Swimsuit and flip-flop season may be brief in Pittsburgh, but Beth Fay Lane is able to hold onto it longer than most with an innovative addition at her home.
Lane, marketing director and hardware specialist at SPLASH Kitchen Bath Home, and her husband, Calvin Lane, were able to create an outdoor oasis at their two-story, Mid-Century Modern ranch in Upper St. Clair by building a custom indoor swim-spa pool space.
When the couple moved there in 2003, they remodeled the original kitchen and bathrooms with modern amenities that gave a nod to the home’s 1950s’ roots. The backyard hadn’t been updated since the home was built, and Lane viewed it as an opportunity to extend her home’s indoor/outdoor footprint, even in the face of the area’s unpredictable weather.
“Living in Pittsburgh, it’s nice to have somewhere year-round to escape that kind of feels like you’re on vacation,” she says.
Having plenty of experience with interior design, Lane — who teamed up with Garfield-based Shelton Design/Build for the architectural plans and construction — had a clear vision of what she wanted for her home. Construction began in June 2018, and the addition was completed in 2020.
Bob Shelton, principal architect and president of Shelton Design/Build, says Lane’s vision encouraged his architectural team to think creatively about how to work within constraints of the existing home, including its limited volumetric space.
“We were bouncing back and forth about maximizing what we could do with the space that we had. It was challenging to create this really striking space,” he says.
To compensate, Shelton Design/Build built the swim-spa pool before anything else in the addition. Lane adds that one of the benefits of building an indoor swim-spa — which can be a daunting process — is that it’s highly customized; a wall of panoramic glass doors connects it to the outside. The room also can maintain summer temperatures year-round.
“It’s not something that people do all the time. The nice thing with how we designed it was we retained the original exterior of our home and just put in doors to the existing house,” she says. “So even though it’s an indoor pool, we were able to treat that new space like its own envelope.”
Lane says she often pictures a finished space before the project begins and selects materials along the way that she believes fit the finished look, then adds in fun, personal details. Her own home project was no exception — and she definitely brought the fun. Some of her favorite features in the swim-spa are the disco ball that glitters above the pool and a colorful, oversized marlin fish that hangs on one wall.
“I found the big marlin fish at a flea market years ago for $50,” Lane says. “As soon as I imagined this space, I knew it would be hanging on the focal wall at the end of the pool. I’ve always embraced the unexpected, like the disco ball over the pool, because why not?”
Lane adds she wanted the light and bright pool area to contrast with the moody feel of the yacht-style kitchen. She tied the unexpected themes together with Mid-Century, retro detailing that matches the rest of the house.
“As much as we wanted the main area to have a Palm Springs feel — bright and white with textures and surfaces to complement the Mid-Century elements in the rest of the house — if it was all designed that way, it would feel too formulaic and one-note,” she says.
The galley-style kitchen has black chalkboard paint walls that are connected to the bathroom area by a custom, surfboard-shaped countertop. Inspired by vintage Chris-Craft boats, Lane also clad the ceiling in a glossy wood. The countertop, made of a laminate with a gray ghost outline of modern wavy wood grain, adds to the dramatic vibe.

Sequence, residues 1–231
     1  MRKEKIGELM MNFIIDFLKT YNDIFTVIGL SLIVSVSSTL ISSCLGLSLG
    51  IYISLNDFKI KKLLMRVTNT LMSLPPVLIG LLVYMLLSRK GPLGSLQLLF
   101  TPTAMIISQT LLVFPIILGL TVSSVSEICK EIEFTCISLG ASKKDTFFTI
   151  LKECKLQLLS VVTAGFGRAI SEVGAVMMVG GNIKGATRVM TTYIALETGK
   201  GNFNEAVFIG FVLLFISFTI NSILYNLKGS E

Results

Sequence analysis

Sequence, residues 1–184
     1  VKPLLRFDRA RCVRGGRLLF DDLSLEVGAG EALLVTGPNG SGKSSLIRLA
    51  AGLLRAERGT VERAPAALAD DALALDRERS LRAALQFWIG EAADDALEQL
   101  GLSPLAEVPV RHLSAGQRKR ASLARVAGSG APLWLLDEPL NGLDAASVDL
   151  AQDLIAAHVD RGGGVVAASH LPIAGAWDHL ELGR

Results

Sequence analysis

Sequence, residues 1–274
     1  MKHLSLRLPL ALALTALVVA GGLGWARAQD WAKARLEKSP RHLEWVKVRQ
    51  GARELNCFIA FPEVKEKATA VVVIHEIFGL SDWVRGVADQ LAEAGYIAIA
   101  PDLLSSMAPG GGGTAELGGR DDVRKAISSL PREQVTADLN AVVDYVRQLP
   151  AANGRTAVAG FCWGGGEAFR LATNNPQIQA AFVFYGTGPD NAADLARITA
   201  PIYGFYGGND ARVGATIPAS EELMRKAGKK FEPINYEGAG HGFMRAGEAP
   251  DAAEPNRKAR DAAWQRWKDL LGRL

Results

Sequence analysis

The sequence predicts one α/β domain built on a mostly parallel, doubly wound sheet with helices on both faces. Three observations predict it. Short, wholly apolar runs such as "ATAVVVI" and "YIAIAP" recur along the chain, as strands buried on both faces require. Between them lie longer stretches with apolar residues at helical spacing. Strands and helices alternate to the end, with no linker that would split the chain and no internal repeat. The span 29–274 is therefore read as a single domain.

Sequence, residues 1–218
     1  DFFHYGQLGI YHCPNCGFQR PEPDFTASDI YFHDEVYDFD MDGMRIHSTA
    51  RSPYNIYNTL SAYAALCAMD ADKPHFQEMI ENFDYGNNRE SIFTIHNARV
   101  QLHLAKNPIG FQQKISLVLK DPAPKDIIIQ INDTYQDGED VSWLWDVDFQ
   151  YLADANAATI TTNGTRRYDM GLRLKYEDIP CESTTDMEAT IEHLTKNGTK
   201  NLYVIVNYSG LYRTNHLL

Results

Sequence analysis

In the spacious, spa-like bathroom, which includes a steam shower and oversized benches, Lane chose glossy tones of blues and grays that complement the striking black light fixtures. The bathroom also has a full-sized, dark water mural and a large vanity. It connects to the swim-spa space by a wall of custom-made, panoramic glass doors.
Lane, who loves to entertain, says she wanted guests to feel as though they were on the ultimate destination vacation when they enter her home.
“I wanted it to have a feel of when you stepped off the plane when you were a kid going on vacation. It was the temperature, the lights — you knew you were somewhere else,” she says. “What we wanted was a vacation house but attached to our house.”
The addition doesn’t stop there. On top of it is a large 60-by-25-square-foot rooftop deck that overlooks St. Clair Country Club. Lane calls the space — which was designed like a commercial rooftop deck with areas of Ipe tropical wood, cement pavers and a cable rail system that provides an unobstructed view — one of the most exciting parts of the project.
“We never had a deck or anything before. So on our upper level, we turned three sets of windows into doors. Before, that was just nothing, just second-story air freefall,” she says. “The deck really expanded the footprint of the upper level and gave us a huge swath of outdoor living.”
Shelton says Lane’s roof deck was the biggest Shelton Design/Build has ever built. He was particularly pleased by how the Brazilian hardwood integrated into the stair and railing system, as well as how it added a warm accent to the white nickel gap siding.
“The details of that turned out very clean,” he says.
The addition is ideal for surviving Pittsburgh’s long winters, according to the Lanes. They keep the temperature in the swim-spa space, which is decked out with tropical plants, at a balmy 80 degrees.
“Just to be able to come home from work in the middle of winter where it’s normally dark and kind of gloomy out, it’s so nice to be able to put on the bright lights and get in the pool; you can be swimming with a foot of snow outside,” Lane says. “It’s awesome being able to get the mood-lifting benefits of summertime, even when it’s not summertime.”